Almost 2,000 Vodafone customers 'open to fraud'
Criminals used customer details gained from "an unknown source" to try to access accounts between Wednesday and Thursday, the company said.
The telecommunications giant said 1,827 customers had their accounts accessed, with criminals potentially gaining their names and some bank details.
But it insisted its systems had not been breached.
… Vodafone said its security protocols had been "fundamentally effective", but the criminals had potentially gained customers' names, their mobile phone numbers, bank sort codes and the last four digits of their bank account numbers.
… The BBC's technology correspondent Rory Cellan-Jones said the email addresses and passwords criminals used to try to access Vodafone accounts appeared to have been bought on the dark web. [This makes it look like there was a breach. Bob]

Maybe it's me, but I don't see much of a change here. Perhaps an increase in resources devoted to cybersecurity as new technologies are adopted, but the boards I worked with always seemed to understand the risks of IT.
Cybersecurity: The changing role of audit committee and internal audit
by Sabrina I. Pacifici on Nov 1, 2015
Deloitte: “Among the most complex and rapidly evolving issues companies must contend with is cybersecurity. With the advent of mobile technology, cloud computing, and social media, reports on major breaches of proprietary information and damage to organisational IT infrastructure have also become increasingly common, thus transforming the IT risk landscape at a rapid pace. International media reports on high-profile retail breaches and the major discovery of the Heartbleed security vulnerability posing an extensive systemic challenge to the secure storage and transmission of information via the Internet have shone a spotlight on cybersecurity issues. Consequently, this has kept cybersecurity a high priority [Not a new or increased priority Bob] on the agenda of boards and audit committees…”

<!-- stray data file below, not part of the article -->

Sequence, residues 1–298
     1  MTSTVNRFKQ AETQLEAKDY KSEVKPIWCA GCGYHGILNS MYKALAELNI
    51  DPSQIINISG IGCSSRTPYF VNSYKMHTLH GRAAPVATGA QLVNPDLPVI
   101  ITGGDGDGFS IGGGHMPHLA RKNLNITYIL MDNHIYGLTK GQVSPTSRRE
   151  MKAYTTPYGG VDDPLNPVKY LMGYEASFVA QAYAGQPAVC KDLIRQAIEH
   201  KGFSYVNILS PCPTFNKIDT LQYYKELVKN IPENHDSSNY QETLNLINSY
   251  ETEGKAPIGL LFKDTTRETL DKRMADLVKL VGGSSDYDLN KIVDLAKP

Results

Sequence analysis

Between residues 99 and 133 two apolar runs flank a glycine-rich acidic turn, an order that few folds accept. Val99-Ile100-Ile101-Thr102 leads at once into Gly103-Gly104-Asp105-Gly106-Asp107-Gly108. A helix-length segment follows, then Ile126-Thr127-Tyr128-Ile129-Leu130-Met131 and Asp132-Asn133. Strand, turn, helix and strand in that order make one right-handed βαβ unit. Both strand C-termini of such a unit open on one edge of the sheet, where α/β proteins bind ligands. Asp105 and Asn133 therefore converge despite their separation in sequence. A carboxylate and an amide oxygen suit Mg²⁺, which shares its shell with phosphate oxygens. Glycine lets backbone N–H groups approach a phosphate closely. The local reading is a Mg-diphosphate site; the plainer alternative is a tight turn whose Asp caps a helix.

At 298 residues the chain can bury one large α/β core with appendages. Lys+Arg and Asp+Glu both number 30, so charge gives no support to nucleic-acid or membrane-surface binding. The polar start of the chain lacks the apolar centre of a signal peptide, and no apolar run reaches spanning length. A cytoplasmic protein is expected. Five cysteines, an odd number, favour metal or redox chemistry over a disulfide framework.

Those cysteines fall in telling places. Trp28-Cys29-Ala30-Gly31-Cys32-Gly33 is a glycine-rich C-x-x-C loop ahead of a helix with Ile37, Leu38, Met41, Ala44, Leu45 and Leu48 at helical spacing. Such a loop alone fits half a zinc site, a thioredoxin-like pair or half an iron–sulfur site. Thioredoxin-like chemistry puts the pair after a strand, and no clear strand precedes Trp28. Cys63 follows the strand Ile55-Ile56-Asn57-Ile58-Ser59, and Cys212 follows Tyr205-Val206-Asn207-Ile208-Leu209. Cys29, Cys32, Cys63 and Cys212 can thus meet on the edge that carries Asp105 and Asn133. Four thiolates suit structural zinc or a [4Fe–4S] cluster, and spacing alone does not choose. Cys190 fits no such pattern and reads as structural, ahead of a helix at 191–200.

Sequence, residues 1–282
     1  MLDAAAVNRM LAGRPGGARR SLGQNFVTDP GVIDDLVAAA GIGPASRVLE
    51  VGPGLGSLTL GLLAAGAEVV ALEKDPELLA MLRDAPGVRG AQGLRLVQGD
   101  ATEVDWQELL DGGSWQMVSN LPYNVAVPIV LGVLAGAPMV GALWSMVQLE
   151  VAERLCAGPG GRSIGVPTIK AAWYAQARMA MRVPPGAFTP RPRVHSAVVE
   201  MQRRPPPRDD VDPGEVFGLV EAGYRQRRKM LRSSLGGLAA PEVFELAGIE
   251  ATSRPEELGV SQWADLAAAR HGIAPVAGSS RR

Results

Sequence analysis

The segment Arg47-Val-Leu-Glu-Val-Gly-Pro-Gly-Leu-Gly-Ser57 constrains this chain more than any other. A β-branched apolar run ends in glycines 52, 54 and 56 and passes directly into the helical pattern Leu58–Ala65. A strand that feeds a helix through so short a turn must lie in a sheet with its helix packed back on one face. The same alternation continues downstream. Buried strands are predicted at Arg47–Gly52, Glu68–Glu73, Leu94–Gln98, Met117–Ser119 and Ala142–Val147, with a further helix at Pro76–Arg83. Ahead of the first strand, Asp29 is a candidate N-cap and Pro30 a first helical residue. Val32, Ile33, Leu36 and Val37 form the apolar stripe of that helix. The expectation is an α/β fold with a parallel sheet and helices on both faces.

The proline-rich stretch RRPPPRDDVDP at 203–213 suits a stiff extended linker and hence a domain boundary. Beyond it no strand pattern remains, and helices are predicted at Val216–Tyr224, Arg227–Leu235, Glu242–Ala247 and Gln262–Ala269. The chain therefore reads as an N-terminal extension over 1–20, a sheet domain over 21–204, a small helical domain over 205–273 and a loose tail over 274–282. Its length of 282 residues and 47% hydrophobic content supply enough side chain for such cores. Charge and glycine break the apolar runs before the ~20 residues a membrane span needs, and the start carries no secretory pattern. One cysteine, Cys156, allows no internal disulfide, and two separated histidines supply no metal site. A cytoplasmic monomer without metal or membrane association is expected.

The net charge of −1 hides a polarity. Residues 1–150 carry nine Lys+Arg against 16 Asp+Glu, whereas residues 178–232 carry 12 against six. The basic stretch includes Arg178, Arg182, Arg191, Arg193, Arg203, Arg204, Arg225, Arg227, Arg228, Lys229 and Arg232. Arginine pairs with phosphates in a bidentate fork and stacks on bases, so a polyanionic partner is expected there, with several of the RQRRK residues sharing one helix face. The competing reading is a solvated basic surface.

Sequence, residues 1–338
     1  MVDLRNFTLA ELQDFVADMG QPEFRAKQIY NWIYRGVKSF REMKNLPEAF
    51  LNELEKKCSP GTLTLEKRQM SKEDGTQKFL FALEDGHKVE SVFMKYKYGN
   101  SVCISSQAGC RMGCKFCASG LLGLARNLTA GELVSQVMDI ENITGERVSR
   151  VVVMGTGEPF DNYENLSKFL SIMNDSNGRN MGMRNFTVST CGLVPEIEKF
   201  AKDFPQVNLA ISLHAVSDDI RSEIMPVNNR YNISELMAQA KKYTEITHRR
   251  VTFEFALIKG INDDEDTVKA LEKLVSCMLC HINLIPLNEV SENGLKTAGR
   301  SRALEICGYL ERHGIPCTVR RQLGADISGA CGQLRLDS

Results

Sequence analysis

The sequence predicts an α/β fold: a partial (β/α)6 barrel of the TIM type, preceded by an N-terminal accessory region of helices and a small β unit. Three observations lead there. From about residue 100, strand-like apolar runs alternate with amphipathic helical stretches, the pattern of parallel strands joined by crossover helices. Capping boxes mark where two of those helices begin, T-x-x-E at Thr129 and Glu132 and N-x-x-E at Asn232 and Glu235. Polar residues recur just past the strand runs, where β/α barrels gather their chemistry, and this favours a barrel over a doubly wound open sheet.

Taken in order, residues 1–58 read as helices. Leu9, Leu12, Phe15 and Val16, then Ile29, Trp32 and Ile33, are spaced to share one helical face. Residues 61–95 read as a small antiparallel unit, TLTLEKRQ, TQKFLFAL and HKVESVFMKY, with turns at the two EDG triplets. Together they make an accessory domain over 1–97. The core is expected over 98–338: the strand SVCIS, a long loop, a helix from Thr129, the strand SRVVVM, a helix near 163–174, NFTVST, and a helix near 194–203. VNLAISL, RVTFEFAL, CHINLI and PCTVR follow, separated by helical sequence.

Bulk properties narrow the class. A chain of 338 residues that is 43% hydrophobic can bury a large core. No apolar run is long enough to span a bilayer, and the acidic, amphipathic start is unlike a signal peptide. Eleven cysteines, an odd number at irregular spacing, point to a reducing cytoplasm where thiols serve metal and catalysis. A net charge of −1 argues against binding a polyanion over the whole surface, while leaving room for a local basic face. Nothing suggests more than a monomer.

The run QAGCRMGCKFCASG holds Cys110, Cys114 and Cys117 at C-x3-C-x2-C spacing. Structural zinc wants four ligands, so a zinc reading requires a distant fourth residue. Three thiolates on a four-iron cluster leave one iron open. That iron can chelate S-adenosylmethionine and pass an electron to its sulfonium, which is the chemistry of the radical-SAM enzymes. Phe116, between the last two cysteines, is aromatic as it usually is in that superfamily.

No liability here, by statute.
Megan Newquist reports:
Imagine a burglar stalking his victims and taking pictures of their cars in parking lots, knowing their whereabouts and then breaking into their homes.
Eden Prairie police say that’s exactly what 45-year-old David William Pollard was doing, but they didn’t know how until he was arrested leaving a Minnetonka home on April 14.
Inside Pollard’s car that night, police found a slew of stolen property. In addition, police say they uncovered how Pollard was able to find his victims – through a subscription-based online account that allowed him to look up individuals by their license plate numbers.